The following interview is with Thomas Lukaszuk, deputy premier of Alberta and provincial minister of advanced education and enterprise. Lukaszuk recently shared some really interesting thoughts on the role higher education institutions play in Alberta’s economy. In this interview, Lukaszuk explains in a little more detail what that role is, and what responsibility the provincial government has to ensure they fulfill their requirements.
1. You have suggested that higher education institutions have a very important role to play in the ongoing growth and development of Alberta. What role is this?
There are a number of roles that advanced education can play. But I divide it into two; there is a proactive role and a reactive role.
The proactive is that, through research, development of research, the financing of research and then commercialization of research, we can develop new clusters of economy in our province that currently don’t exist. And that could be in healthcare and innovation of healthcare and commercialization of it, to commercialize new products, new equipment, new medications. It could be in agriculture, developing new products and techniques. It could be in oil and gas. The list is limitless. But what we can do in this province is create an environment that attracts researchers, that attracts commercialization dollars, and then evolve that. We’ve seen that happen in Silicon Valley with high-tech industry. We’ve seen it happen in Israel, for example, with some of the technologies that they have developed. We have that potential here because of the high quality of postsecondary institutions that we have, and also because of agriculture, healthcare and many other assets. …
The second role is to develop the workforce for those economies. So tying our educational institutions with some of our labor market information and making sure that we give our students — Canadians, Albertans — an opportunity to educate themselves in areas of expertise that will be required into the future so that, when they graduate, their education is relevant, sought after and results in employment.
2. What are a few ways that the provincial government can ensure that the province’s public higher education institutions work toward those common goals?
Well, number one is making sure that we coordinate our postsecondary institutions and make sure that they collaborate; that we don’t replicate or duplicate research. Make sure that we work at attracting the talent that you need, to develop the type of research. And, that we work together in developing the talent for the workforce. So, collaboration between the 26 postsecondary institutions [in the province] will be key under the Campus Alberta model. And, then, developing government policies that are conducive to research development and training of the skills that we need in this province.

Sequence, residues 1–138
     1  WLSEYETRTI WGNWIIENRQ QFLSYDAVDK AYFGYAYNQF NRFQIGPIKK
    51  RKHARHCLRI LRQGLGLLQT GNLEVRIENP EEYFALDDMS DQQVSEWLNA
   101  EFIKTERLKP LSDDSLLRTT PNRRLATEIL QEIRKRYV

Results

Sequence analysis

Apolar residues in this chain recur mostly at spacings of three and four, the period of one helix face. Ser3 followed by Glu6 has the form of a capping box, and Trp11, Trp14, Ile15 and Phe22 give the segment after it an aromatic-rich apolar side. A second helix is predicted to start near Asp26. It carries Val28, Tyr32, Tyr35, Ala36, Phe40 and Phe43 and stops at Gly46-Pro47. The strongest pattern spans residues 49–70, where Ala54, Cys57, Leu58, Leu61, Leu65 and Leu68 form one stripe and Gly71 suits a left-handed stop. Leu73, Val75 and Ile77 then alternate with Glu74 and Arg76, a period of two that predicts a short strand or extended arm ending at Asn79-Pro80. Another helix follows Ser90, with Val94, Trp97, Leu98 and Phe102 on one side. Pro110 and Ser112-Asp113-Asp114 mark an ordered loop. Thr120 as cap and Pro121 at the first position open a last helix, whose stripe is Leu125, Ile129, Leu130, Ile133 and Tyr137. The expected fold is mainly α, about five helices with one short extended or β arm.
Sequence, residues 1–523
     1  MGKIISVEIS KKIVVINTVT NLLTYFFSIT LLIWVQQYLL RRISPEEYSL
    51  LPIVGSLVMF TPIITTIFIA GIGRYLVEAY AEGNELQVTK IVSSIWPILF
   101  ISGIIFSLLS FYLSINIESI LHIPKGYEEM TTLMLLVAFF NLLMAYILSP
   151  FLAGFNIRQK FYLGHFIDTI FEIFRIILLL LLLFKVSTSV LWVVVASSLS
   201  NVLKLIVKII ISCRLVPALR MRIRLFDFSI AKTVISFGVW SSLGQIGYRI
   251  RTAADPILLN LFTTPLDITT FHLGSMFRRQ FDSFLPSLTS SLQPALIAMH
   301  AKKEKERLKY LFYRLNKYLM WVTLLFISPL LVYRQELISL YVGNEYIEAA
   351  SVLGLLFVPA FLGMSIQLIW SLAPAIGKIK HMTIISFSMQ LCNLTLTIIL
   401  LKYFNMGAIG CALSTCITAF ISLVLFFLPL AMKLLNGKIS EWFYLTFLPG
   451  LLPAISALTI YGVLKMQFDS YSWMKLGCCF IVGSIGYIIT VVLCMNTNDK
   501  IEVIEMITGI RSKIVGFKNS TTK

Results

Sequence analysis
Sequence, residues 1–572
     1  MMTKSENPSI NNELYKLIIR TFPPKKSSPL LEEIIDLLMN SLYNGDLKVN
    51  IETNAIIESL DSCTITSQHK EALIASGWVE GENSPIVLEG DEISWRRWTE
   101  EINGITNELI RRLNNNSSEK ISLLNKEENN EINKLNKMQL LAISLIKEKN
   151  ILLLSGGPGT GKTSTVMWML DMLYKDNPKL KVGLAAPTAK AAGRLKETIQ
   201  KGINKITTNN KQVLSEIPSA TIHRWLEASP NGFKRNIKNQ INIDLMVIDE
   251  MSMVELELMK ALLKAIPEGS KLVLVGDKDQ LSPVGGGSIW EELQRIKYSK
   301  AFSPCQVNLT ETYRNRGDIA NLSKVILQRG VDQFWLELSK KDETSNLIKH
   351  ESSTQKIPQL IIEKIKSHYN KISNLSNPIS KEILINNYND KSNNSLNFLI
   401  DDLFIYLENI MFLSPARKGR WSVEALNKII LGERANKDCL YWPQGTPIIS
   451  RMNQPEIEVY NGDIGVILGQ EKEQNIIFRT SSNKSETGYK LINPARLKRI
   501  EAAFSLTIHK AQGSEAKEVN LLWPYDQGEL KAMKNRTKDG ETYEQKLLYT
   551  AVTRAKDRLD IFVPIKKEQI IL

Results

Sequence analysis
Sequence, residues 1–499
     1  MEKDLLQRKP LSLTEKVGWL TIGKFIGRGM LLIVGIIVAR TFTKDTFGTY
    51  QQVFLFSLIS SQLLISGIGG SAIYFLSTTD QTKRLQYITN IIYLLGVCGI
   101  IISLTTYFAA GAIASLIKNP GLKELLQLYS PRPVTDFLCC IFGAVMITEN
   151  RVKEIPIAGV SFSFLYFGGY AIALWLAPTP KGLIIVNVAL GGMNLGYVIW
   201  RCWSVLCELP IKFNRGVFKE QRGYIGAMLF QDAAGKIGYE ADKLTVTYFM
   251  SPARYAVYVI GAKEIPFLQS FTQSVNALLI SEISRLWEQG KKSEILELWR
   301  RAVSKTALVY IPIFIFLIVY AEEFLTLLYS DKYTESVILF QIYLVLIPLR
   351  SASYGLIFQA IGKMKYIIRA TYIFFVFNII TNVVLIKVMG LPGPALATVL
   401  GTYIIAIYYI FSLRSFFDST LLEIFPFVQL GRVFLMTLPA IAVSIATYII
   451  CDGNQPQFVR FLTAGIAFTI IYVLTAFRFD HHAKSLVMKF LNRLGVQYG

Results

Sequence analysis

So, government is more like a director of an orchestra. You have 26 players but government’s role is to coordinate to make sure they play the same song at the same time.
3. Looking 10 years into the future, what kind of role do you think the provincial government will have in the operations of public higher education institutions? Will the government have influence on curricular direction?
Our work as government is the same as it was 41 years ago, when Premier [Peter] Lougheed noticed that there is a potential to develop a resource — being oil sands — he amended policies and created a climate in which that industry can thrive, and then private sector took over and they did the rest.
Our job right now is to do much the same. Let’s identify the areas that we’re good at but could become great. Amend our policies to allow for this to happen and, from there, publicly-funded institutions and private institutions and industry will take over. That’s what they’re good at.
But government will always play a certain role because, at the end of the day, there are two funders of public education; one, being the student through tuitions and, two, being the taxpayer through government. So, we do have a certain area of responsibility to make sure that the product at the end of the day, that is delivered to our students and to Albertans, is one that both [groups] desire.
4. Will public higher education funding mechanisms change? If so, how?
They may. It’s hard to predict what will happen 10 years from now because this is such a dynamic world. Sometimes you can’t predict the next two years.
But the funding mechanism is often one of the tools by which you affect change. If you want certain institutions to behave in a certain way, or you want to stimulate certain areas of the economy, often what you do is, you entice it by way of changing funding formulas. Our funding formulas haven’t been reviewed for a long period of time and I will be looking at it, definitely.
So, yes; do I anticipate changes in the funding formula? Most definitely. But that’s required.
If you want to be competitive on an international scale and compete for research dollars, compete for scientists and academics and also provide students with leading-edge education so that they can compete in the entire world, universities have to evolve; they have to be reflective of today. And to do that, often you have to change your funding models to promote certain behaviors or certain developments.
5. Is there anything you’d like to add about the role government plays in public higher education?
… We will always be active. We’re proud of our post-secondary institutions. They have been doing very well and we will continue to make sure that they are relevant and to make sure that they continue to be competitive in this international race that we’re a part of.
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